The style adopted in the course of these extensive renovations is contemporary and minimal rather than traditional feel, perhaps appropriate in view of the technological backbone.  The furniture is of the light wood variety and the accessories chosen with some thought and care.  Not luxurious but neither entirely run-of-the-mill.

Every room now has a flat screen TV, DAB radio, tea and coffee making facilities, comfortable mattresses with duck and down feather duvets and pillows.”

All true, though the mattress was certainly on the firm side for my tastes.  Venetian blinds that don’t quite succeed in keeping out all the light would also not suit every punter and lack the warmth of good old-fashioned curtains.

I didn’t check whether you could swing a cat in the en suite bathroom, though it was a touch poky.  There was a sink, though not actually in the bathroom.  The shower worked well though, was hot and had sufficient pressure to do the job properly.  At least that was better than those poor folks who complained about having to share bathrooms and shower facilities.  For such small mercies we should be grateful, though expectations are clearly much higher these days such that having to share anything leaves us in a state of quivering indignation.

All told, the room was comfortable without being exceptional.  The thing I don’t get is why beds are so often topped off with cushions.  This brings to mind the memorable rant against the plump fluffy buggers in Coupling, and I agree – they serve no useful function other than to be thrown off at bedtime!

Going back to the Four in a Bed motif, I didn’t do an in-depth inspection by running a finger over every surface, though on the face of it the room appeared moderately clean, if not squeaky clean and good enough for those TV shows hosted by people with an anal obsession with extreme cleanliness.   However, the hoteliers would have leapt upon peeling paintwork in the bathroom as a demonstration that the place was less than pristine.  There are unquestionably flaws to be found at the Regency.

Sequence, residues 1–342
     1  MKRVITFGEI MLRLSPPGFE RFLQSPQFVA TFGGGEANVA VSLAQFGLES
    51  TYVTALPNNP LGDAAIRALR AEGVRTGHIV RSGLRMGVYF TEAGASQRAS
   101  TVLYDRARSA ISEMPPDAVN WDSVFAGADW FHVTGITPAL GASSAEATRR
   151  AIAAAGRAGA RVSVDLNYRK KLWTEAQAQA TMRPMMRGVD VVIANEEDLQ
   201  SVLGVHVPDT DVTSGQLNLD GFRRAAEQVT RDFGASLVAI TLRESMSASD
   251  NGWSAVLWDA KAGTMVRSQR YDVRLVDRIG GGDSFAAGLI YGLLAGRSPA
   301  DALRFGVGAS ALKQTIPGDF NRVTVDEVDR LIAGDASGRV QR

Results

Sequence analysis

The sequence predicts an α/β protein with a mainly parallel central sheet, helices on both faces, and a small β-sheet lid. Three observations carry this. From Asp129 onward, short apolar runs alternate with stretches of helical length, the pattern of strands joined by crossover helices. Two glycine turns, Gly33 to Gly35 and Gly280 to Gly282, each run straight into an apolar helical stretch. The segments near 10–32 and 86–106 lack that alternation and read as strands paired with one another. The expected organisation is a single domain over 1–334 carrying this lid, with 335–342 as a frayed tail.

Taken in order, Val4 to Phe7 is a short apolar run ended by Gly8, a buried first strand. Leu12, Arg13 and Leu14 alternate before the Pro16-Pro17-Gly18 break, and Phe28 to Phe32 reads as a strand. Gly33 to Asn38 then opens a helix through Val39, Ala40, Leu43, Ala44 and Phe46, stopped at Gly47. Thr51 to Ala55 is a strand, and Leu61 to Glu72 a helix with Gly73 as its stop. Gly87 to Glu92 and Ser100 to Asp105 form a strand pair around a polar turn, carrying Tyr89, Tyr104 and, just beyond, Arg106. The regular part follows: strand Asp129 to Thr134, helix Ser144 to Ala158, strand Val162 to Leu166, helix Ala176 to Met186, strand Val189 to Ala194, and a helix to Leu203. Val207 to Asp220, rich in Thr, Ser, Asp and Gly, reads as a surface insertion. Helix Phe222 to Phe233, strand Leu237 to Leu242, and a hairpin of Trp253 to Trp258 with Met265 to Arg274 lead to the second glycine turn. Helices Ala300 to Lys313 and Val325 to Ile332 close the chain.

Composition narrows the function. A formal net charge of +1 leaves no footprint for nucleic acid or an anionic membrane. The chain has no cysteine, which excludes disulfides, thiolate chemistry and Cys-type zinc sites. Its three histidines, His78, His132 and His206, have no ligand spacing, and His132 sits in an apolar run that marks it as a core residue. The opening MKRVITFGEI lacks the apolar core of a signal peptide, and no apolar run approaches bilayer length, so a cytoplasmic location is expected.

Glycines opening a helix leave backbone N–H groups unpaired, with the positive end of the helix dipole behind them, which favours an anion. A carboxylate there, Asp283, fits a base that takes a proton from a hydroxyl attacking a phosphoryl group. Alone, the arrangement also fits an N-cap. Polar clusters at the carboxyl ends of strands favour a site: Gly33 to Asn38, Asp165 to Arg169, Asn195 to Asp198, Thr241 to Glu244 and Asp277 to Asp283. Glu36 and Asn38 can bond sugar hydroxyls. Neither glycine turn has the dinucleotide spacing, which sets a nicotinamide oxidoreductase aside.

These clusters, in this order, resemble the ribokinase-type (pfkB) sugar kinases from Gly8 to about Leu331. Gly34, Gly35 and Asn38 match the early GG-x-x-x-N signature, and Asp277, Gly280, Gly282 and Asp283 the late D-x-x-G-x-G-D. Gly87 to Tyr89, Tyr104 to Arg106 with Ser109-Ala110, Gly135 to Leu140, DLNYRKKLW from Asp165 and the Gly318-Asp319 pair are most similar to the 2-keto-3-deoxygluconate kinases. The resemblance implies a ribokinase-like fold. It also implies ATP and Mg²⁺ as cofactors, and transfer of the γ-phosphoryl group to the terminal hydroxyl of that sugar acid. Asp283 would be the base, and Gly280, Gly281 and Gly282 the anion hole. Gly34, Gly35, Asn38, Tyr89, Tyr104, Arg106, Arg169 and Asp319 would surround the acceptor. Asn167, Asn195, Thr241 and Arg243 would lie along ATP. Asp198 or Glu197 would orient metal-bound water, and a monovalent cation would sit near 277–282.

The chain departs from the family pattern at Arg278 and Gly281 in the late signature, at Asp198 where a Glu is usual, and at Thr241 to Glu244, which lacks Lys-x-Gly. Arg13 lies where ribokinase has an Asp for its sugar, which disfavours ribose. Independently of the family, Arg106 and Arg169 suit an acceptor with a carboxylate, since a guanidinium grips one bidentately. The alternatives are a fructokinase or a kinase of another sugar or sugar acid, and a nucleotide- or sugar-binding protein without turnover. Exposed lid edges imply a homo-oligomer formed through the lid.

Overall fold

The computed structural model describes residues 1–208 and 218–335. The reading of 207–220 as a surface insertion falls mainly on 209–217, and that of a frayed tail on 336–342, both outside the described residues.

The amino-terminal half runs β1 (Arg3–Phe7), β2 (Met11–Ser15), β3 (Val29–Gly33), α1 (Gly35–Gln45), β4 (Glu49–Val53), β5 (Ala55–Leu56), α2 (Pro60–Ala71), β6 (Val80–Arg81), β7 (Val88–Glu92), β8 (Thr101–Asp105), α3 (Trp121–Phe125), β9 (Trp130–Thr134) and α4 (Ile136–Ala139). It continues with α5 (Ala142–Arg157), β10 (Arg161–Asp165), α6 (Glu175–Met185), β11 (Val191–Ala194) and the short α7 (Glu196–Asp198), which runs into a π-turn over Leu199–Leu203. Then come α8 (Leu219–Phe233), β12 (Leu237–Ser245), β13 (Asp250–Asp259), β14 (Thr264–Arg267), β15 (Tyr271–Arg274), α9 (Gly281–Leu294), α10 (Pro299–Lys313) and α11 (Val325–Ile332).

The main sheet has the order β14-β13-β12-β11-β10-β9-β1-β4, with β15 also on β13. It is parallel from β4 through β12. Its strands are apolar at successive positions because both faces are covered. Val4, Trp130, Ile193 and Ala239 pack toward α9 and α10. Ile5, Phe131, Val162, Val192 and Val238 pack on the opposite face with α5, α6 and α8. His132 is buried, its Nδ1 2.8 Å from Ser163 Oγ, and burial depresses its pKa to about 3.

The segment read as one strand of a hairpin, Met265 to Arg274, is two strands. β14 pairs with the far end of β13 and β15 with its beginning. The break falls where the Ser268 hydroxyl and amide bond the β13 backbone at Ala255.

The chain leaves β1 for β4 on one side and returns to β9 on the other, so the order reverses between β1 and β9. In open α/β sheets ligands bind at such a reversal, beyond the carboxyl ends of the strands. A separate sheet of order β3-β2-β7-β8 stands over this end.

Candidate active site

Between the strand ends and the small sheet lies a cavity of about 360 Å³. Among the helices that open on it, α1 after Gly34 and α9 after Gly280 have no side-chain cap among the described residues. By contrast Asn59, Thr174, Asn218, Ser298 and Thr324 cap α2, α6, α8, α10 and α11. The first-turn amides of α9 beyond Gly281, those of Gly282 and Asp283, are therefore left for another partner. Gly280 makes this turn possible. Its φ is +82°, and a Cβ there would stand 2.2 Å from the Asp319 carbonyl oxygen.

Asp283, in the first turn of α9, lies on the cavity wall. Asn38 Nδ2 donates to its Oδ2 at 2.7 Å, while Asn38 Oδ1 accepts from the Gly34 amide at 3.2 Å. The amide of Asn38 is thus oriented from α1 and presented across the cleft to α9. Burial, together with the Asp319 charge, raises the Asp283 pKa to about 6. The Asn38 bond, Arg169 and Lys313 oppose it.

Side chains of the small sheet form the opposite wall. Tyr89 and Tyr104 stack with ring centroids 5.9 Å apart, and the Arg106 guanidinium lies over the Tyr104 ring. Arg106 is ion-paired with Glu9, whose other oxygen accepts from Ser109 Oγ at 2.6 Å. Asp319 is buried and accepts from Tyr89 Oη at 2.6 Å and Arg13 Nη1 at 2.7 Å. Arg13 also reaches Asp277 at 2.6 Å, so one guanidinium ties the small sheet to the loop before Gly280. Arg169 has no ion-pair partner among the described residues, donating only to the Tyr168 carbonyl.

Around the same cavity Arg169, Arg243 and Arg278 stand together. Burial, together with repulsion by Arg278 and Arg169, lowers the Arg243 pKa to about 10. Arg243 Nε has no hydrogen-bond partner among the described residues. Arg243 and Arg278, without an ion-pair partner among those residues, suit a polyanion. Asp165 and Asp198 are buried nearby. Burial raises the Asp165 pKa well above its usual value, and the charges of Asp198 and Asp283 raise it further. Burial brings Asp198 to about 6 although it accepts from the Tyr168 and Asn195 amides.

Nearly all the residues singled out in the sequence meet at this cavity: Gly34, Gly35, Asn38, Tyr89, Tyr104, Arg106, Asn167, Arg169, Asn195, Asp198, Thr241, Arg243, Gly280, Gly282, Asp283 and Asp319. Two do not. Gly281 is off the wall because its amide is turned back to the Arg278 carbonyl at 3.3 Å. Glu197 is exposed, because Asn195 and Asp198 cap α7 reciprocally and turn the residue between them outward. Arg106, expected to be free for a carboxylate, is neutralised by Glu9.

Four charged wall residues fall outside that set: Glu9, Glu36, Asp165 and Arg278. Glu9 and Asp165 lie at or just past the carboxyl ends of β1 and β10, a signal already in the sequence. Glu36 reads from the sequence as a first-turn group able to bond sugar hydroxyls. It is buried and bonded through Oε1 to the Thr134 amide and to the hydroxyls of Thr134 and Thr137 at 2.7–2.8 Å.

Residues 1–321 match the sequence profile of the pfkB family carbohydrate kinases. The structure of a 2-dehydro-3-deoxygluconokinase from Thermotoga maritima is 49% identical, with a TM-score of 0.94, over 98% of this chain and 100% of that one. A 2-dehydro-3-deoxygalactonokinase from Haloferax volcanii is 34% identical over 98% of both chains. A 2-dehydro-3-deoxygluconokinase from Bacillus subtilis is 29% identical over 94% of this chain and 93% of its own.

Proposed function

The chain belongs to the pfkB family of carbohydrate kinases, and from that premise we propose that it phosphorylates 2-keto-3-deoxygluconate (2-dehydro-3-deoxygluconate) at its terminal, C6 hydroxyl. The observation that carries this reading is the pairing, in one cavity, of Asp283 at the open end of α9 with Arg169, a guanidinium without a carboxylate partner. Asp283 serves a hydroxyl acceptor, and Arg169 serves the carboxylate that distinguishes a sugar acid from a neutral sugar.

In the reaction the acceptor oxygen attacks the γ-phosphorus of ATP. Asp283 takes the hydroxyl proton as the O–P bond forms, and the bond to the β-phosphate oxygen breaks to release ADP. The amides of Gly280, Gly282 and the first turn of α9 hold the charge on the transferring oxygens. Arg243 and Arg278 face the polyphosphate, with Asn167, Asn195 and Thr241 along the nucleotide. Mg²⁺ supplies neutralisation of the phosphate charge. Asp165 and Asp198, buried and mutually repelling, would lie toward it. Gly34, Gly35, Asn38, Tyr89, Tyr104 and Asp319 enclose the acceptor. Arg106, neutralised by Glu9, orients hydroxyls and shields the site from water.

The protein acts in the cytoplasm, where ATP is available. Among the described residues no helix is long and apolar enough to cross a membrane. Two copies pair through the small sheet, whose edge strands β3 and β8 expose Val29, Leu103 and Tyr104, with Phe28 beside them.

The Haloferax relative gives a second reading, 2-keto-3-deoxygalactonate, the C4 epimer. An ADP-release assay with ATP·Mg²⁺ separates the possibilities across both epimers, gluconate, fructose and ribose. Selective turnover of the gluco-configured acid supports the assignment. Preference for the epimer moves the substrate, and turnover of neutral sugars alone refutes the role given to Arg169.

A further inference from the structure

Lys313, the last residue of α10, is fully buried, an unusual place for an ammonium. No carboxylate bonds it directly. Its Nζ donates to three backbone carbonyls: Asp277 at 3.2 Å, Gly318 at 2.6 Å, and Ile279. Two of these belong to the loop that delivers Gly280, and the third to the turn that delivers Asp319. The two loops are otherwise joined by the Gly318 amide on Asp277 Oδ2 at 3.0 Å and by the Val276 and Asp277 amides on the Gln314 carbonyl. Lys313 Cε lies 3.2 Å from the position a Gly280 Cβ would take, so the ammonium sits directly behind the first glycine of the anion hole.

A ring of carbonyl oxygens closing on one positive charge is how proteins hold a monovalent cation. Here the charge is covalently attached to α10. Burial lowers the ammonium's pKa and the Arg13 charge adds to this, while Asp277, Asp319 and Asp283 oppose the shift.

Nevertheless, a reasonable night’s sleep, aided by the fact that we were on the 1st floor rather than the ground.

Breakfast is served in a surprisingly airy basement room, but if you were expecting a fry-up, think again:

“A Continental breakfast is served in the morning from 8-9am. Bread and croissants are freshly baked every day and are enjoyed with a fresh pot of coffee.”

This is also DIY, including the coffee, toast and every other aspect of delivery.  Not that I necessarily mind a continental breakfast; indeed, one of the best breakfasts I ever ate was in a youth hostel in Norway, featuring a wide assortment of cereals, yogurts, juices, breads, cooked and cured meats, cheeses, fish – you name it.

The initial impression given by an arrangement of good-looking fruit is perhaps slightly deceptive.  There are a few cereals, natural yogurt and a few so-so juices.  The breads are restricted to supermarket croissants and par-baked rolls (bit cheap that), stay-fresh white sliced bread for toasting (cheaper still.)  Then there are the individually presented slices of cheap ham and cheese, one variety of each.  True, the jam and marmalade on the the tables in proper Killner jars was a nice touch, but my abiding memory is of an underwhelming breakfast that could easily have been much better.